By Ron Presley
Catching Catfish of Exceptional Size Depends on Where You Fish
Anglers in the USA often name places like Wheeler Lake in Alabama as a place they would like to fish, because of the abundance of huge catfish. In Europe, a favorite bucket list destination is the Ebro River in Spain.
“Spain, specifically the river Ebro, holds a special place in the hearts of European Catfish Anglers,” said Dave Mutton, a dedicated wels catfish angler and fishing guide. Mutton is owner/operator of Specimen Fishing UK, a tackle shop located in Coventry, England.
“The Ebro is a very wide river, in places more than a mile wide, and the home to some of the largest catfish in Europe,” continued Mutton. “Certainly, in terms of stock density, the largest amounts of catfish too. It is not unusual for an angler to catch a dozen fish or more in a day, with several being over 100 pounds. In some areas fish of more than 200 pounds are not uncommon.”
A few years ago the Spanish government banned the use of live bait in Spain. According to Mutton this totally changed the way cats are fished for over there. The cats he speaks of are the wels catfish. These cats excite European anglers because of their huge size.
When live bait was legal, anglers had two basic methods of catching the giant fish. One method was conducted from the shore and the other from a boat.
“The bank fishing method is called buoy fishing where a live carp is tied off to a floating buoy,” instructed Mutton. “The buoy is tied using a weak length of line and the rod is held vertically in a holder on the bank. The reel is wound to put the rig under tension and make the rod tip bend over. The idea is that when the catfish grabs the carp, it breaks the weak link to the buoy and you wind down to the fish and strike in to it.”
The other traditional method was to drift fish from a boat. “This involves a live carp suspended beneath a large float,” explained Mutton. “The water is then hit with a clonk. The clonk is a wooden baton with a specially shaped end that produces a very load popping noise. The catfish are attracted to the noise and come to investigate, find the carp and attack it. This is probably my favourite method of all for catfishing, but is sadly no longer allowed.”
The Modern Method
The modern method of catching catfish in Spain is to use a boat to carry a baited rig out to the angling location, often to a distance of 250 yards or more. “I use a fixed rig with a heavy lead of around 10 ounces,” explained Mutton. “The hook link is about 2 to 3 feet. The bait is usually halibut pellet.”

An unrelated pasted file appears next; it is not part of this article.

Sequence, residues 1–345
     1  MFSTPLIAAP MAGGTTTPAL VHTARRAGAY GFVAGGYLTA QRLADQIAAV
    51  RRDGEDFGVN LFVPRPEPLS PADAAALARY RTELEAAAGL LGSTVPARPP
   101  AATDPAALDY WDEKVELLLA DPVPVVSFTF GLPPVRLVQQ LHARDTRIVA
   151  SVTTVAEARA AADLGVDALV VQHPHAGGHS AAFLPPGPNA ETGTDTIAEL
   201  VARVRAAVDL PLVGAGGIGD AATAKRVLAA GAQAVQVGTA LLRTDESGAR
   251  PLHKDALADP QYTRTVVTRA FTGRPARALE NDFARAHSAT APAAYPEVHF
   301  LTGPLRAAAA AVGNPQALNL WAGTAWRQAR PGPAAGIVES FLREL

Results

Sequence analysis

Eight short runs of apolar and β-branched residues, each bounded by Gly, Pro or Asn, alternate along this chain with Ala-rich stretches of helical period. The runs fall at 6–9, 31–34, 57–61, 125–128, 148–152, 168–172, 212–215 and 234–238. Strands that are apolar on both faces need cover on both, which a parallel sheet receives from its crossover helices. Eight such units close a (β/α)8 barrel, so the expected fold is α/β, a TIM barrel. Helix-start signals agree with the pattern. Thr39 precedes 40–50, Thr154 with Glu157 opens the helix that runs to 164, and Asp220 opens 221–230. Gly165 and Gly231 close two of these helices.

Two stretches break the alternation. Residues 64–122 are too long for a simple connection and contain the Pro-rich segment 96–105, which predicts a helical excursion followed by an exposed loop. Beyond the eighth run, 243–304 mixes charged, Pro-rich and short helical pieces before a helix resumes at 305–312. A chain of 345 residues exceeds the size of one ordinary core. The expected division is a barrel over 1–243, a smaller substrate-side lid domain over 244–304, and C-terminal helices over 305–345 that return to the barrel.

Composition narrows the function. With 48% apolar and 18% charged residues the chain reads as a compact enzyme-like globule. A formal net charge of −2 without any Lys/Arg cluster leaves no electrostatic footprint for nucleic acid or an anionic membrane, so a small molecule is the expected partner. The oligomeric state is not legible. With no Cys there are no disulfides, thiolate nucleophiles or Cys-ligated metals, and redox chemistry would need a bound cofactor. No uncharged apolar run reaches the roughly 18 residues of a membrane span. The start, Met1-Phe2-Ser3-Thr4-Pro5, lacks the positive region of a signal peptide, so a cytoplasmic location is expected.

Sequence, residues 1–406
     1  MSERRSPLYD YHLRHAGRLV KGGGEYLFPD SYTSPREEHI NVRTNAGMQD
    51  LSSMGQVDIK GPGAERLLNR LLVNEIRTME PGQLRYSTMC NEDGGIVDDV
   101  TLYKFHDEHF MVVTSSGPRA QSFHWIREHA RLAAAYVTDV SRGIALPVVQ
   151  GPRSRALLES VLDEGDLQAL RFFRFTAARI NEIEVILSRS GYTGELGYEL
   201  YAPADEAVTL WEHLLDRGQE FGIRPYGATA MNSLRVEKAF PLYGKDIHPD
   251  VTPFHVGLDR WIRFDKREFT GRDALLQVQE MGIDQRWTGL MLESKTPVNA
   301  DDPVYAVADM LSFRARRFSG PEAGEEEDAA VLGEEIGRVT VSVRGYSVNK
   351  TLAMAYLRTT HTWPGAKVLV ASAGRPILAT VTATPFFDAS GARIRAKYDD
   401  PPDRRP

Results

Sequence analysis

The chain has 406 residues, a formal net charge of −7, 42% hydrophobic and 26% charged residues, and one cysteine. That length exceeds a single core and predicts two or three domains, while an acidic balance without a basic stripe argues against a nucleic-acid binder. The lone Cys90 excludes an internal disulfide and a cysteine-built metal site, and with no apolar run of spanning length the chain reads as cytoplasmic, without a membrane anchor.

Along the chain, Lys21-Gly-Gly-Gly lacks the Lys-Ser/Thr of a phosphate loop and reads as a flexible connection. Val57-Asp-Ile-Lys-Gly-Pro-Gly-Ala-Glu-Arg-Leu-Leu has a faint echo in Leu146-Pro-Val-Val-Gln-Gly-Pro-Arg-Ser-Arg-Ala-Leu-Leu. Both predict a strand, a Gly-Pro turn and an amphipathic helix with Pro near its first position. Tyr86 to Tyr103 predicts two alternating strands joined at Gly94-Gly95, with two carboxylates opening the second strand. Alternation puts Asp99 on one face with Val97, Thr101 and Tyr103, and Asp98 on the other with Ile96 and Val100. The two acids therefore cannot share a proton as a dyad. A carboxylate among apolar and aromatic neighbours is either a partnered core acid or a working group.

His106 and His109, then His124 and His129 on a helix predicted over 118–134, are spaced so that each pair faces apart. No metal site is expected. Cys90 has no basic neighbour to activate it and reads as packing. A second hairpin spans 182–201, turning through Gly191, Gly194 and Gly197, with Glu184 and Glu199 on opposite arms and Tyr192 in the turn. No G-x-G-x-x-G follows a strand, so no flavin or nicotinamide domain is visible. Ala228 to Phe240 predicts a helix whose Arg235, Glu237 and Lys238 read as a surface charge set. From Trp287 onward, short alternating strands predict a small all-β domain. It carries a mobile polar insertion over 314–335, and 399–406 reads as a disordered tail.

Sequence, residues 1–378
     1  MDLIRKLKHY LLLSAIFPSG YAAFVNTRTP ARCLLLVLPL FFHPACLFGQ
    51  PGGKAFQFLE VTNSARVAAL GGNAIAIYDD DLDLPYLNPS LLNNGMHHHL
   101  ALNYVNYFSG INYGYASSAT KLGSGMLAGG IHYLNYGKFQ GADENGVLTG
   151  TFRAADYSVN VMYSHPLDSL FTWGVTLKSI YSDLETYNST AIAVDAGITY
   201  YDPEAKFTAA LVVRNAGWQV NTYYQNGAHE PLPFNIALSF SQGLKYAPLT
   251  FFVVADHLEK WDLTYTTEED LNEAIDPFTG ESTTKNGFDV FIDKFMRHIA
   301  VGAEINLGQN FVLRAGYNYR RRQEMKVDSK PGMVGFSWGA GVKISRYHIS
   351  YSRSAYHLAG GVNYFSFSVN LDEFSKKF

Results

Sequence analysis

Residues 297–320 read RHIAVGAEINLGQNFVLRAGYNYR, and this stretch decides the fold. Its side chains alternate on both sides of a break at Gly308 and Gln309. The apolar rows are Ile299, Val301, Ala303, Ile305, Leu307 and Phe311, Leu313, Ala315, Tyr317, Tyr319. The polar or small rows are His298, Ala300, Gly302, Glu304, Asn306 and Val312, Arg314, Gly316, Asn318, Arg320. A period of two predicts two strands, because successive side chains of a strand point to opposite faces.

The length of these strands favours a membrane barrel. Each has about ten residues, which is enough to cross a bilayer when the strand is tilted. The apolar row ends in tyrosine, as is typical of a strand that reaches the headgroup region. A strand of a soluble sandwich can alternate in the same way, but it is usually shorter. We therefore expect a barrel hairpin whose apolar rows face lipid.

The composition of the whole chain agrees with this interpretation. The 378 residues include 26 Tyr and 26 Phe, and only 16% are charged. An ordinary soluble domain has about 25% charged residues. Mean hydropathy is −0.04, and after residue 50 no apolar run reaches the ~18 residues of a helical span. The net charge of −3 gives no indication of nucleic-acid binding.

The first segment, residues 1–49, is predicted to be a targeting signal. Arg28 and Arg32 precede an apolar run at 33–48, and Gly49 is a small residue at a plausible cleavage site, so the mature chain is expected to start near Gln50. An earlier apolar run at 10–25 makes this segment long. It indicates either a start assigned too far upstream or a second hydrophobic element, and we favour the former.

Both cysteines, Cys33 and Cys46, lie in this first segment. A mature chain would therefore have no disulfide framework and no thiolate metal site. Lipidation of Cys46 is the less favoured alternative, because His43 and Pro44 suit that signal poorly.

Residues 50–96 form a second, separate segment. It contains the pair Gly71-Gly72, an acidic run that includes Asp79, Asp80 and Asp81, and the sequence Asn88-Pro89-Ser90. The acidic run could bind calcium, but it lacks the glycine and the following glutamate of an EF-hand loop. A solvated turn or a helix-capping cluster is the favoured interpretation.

The rig is dropped over the side of the boat along with free offerings of bait. “It is not unusual to drop 5 or 6 pounds of bait as freebies along with the rig,” said Mutton. The rod is then fished vertically from the bank, reeled tightly to the weight. The bite is indicated by the tip lurching over. It is common to use up to 50 pounds of bait in a day when using this method with 2 rods.”
Mutton reports that fishing in Spain is very accessible with many English anglers offering guide services on the river. “It can get crowded in the hot spots,” revealed Mutton. “That congestion is why I rarely guide there now. I prefer the space of the lakes I fish in France.”
Mutton also reported on an exciting project at a new location. “I am just embarking on and testing the untapped potential of the Czech Republic. Initial reports are good. We have secured the rights to a lake where the fish seem to average 150 pounds and some fish reach weights of more than 250 pounds!”
CatfishNow (CFN) looks forward to Mutton’s report on the success he finds fishing the Czech Republic for big cats. CFN will eagerly await Mutton’s evaluation of the Czech Republic adventure. Readers will not have to wait long, however, for some more information on the mighty wels catfish. The January issue of CFN will feature a story on the wels catfish in the UK.